Bringing it home

My company designs and implements websites on its own Content Management System (CMS). I have moved through different positions within the company over the last five years, but I was put in charge of the new Creative and User Experience Team in July.

In between delivering customer projects, I have been attempting to make our processes more efficient. It swiftly became obvious that there were a number of problems with the way in which we designed and build our websites and intranets.

Improving our process: driving efficiency

The first has been largely improved by the adoption of an increasingly robust CSS LESS framework.

The second, however, was more difficult to address—customers’ expectation that their websites would look precisely (yes, even in IE7) like the lovely images that they had signed off .

We were also duplicating work.

So, the first thing that we did was to push the responsibility for producing wireframes solely onto the Information Architects; wireframes were already an output of these workshops (driven largely by the Attention Mapping exercises), so duplicating this work seemed ridiculous.

Next, we created a selection of mood boards—with recognisable, non-techie names—which, combined with the wireframes, enabled our designers to get a very good idea of what the customers were aiming for.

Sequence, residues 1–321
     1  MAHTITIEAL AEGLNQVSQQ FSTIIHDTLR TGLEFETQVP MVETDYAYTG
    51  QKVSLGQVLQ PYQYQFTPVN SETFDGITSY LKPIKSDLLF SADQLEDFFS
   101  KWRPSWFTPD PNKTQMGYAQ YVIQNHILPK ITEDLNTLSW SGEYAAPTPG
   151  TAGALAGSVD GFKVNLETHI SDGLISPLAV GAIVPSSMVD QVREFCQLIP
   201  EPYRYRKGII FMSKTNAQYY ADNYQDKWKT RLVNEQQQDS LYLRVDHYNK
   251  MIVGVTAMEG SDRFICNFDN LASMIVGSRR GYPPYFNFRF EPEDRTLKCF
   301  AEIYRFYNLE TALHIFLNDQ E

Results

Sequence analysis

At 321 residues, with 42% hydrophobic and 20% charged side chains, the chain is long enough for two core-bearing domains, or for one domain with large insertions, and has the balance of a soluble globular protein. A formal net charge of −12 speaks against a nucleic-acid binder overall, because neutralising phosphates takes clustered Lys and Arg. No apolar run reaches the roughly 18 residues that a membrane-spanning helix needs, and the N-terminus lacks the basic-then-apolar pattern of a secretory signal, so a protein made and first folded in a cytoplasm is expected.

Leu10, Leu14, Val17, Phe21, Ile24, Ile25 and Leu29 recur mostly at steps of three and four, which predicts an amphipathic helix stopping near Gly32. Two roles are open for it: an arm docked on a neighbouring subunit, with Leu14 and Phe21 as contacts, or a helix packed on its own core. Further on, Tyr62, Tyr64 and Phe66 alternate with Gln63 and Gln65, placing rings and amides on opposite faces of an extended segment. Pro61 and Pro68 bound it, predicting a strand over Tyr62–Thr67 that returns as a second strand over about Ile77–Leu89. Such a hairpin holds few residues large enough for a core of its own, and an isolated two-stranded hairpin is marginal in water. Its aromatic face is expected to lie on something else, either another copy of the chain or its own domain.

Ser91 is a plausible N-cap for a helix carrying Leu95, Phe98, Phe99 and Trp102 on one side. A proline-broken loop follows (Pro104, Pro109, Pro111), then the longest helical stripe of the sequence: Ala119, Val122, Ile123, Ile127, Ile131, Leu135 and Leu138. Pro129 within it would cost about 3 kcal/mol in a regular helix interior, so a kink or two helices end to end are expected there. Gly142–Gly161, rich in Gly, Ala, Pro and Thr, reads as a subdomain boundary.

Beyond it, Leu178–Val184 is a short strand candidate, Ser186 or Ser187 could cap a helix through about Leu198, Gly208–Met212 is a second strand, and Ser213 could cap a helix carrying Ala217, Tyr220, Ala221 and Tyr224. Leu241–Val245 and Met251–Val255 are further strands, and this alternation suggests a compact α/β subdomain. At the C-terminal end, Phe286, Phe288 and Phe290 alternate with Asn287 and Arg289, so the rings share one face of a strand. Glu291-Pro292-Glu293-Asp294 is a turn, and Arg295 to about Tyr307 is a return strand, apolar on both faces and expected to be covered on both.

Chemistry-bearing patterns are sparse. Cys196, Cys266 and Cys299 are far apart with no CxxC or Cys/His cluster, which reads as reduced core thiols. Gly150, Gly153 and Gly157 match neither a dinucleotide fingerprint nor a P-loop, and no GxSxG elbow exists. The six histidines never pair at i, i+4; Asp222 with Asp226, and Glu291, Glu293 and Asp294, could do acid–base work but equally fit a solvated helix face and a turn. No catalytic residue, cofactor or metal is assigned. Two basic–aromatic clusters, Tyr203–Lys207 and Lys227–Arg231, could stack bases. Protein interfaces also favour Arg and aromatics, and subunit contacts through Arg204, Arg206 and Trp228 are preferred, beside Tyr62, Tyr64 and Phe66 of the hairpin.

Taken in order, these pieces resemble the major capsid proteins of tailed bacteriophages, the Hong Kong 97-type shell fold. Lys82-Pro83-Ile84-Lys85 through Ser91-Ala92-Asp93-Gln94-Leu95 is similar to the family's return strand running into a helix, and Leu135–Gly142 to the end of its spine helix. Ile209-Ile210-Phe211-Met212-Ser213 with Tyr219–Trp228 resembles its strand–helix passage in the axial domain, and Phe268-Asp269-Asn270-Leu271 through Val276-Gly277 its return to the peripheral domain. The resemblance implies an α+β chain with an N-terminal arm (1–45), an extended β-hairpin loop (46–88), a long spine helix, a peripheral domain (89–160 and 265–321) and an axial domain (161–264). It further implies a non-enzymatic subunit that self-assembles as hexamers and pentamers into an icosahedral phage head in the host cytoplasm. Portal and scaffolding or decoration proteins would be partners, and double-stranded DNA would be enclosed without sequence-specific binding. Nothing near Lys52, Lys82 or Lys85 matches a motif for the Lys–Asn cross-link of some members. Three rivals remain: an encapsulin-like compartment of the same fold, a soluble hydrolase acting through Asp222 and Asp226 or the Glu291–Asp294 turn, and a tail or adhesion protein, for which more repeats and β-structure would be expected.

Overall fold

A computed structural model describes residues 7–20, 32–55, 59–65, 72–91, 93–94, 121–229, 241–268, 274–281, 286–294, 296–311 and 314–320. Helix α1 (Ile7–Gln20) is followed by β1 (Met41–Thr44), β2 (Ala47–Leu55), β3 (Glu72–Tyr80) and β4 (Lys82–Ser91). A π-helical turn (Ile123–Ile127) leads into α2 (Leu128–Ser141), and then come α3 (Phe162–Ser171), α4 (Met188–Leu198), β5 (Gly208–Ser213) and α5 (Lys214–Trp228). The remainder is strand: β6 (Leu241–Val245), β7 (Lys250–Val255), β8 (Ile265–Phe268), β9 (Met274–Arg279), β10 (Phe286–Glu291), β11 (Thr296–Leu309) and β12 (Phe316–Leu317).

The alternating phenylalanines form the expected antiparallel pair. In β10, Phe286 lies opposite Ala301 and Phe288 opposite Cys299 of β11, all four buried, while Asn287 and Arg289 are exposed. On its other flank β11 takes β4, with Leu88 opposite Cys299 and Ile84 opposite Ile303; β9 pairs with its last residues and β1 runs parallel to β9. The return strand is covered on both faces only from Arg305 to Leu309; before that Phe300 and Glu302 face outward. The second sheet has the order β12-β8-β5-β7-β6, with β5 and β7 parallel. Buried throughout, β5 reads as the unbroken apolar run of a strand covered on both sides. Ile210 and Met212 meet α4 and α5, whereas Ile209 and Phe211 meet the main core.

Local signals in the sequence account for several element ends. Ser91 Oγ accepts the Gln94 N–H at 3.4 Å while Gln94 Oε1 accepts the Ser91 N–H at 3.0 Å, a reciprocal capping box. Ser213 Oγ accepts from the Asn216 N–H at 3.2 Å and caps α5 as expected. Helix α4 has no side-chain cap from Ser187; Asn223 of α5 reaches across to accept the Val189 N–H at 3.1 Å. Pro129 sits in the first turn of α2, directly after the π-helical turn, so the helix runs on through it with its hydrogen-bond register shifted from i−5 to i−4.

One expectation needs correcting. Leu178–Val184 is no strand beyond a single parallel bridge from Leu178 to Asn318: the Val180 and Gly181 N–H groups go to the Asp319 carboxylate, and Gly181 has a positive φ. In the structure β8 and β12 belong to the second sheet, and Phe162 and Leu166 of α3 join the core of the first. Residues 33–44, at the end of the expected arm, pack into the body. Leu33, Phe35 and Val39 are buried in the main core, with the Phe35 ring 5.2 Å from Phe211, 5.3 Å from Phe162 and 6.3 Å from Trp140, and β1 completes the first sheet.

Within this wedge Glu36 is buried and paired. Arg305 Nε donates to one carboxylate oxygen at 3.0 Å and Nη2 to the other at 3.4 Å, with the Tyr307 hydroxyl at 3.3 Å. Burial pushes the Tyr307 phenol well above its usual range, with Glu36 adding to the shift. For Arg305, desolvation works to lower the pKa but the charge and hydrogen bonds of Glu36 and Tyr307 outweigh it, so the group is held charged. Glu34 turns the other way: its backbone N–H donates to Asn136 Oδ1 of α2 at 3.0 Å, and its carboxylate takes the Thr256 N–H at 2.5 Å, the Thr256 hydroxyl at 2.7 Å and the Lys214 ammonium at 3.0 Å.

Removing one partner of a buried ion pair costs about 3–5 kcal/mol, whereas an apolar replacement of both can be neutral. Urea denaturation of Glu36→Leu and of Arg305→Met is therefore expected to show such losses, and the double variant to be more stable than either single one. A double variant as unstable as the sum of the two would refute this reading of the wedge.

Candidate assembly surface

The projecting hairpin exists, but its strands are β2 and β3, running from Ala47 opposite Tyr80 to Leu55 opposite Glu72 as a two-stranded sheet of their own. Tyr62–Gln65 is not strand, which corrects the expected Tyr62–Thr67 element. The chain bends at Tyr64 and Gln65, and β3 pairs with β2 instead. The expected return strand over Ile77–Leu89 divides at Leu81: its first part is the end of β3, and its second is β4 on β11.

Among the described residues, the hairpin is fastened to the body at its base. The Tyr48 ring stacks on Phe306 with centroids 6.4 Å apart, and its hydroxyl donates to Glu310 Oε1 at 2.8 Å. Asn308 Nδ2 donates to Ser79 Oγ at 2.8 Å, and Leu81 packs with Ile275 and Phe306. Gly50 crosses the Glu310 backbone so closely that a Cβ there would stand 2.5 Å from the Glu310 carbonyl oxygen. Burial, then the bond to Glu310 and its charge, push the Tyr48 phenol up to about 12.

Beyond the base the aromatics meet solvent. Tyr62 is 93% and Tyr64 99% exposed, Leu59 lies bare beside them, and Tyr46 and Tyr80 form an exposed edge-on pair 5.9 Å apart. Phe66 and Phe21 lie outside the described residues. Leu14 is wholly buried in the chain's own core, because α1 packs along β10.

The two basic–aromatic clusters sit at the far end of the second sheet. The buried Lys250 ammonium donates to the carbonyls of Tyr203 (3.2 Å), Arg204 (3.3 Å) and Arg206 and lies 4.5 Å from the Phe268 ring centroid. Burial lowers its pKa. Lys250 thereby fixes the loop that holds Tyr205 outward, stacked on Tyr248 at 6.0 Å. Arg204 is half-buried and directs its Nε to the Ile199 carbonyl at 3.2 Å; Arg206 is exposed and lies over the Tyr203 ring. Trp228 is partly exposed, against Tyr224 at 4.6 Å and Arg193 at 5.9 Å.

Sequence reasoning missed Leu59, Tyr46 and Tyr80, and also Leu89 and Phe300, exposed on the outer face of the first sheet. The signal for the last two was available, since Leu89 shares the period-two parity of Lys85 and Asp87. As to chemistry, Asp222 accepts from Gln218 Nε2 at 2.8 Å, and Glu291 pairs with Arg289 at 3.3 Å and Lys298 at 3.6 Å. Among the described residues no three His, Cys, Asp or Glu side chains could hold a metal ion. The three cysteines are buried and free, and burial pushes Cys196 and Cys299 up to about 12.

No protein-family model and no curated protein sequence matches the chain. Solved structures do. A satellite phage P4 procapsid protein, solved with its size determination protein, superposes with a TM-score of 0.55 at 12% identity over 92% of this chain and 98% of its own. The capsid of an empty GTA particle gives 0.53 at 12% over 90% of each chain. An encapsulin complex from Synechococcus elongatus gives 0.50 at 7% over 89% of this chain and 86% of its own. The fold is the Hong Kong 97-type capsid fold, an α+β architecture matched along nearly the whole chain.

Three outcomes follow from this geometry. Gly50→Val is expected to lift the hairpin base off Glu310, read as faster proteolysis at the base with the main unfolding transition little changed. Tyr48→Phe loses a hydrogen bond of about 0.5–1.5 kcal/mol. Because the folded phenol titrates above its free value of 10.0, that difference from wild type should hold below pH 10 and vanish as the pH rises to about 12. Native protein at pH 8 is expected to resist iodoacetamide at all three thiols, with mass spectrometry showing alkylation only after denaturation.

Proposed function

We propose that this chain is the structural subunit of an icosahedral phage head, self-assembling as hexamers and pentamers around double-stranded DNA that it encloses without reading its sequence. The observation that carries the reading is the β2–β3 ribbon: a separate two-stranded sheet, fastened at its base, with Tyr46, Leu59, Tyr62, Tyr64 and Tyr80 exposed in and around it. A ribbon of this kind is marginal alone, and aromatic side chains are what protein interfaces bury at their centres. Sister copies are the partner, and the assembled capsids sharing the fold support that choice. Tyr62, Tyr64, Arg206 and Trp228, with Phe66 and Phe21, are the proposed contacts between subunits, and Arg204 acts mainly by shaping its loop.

Zombie comps that will not die

But, at the end, we were still producing fixed image comps that were taking too long to create and, importantly, amend. Customers were getting hung up on the positioning of elements when, in our CMS, you can place anything anywhere (just about).

So, in December, I my research turned up Samantha Warren’s styleti.es—a website dedicated to promoting the use of said Style Tiles.

Style Tiles are similar to the paint chips and fabric swatches an interior designer gets approval on before designing a room.
An interior designer doesn’t design three different rooms for a client at the first kick-off meeting, so why do Web designers design three different webpage mockups?

Style tiles are for when a moodboard is too vague and a comp is too literal. Style tiles establish a direct connection with actual interface elements without defining layout.

The sites and systems that we build are huge.

There is simply no way that we can proof up all of the pages that make up the tens of functional Modules that our customers may have bought.

Style Tiles and a way forward

As I saw it, Style Tiles—with a bit of modification—would enable our company to provide the important elements to our customers (the look of a menu system, how a Staff Directory entry might be displayed) without them getting hung up about where on the page these elements might appear.

After all, not only is the web a fluid medium but our CMS also gives the customer total control over their page structure.

With Style Tiles, clients could focus on the important details, rather than getting hung up on where those things appeared on a page. We would, in fact, be aligning our processes with the flexibility of our product and thus reinforcing its superiority.

There were, of course, other benefits, including being able to turn around work much more quickly and thus increase the productivity of the team.

It’s never enough…

But Style Tiles wouldn’t be enough—especially in the age of Responsive Design.

As such, we decided to build Live Prototypes alongside the Style Tiles. With our LESS framework (which has mobile @media break-points built in), and the CMS’s inbuilt styling options, this became a viable proposition.

The first run is scheduled for Tuesday morning: I’ll let you know how it goes…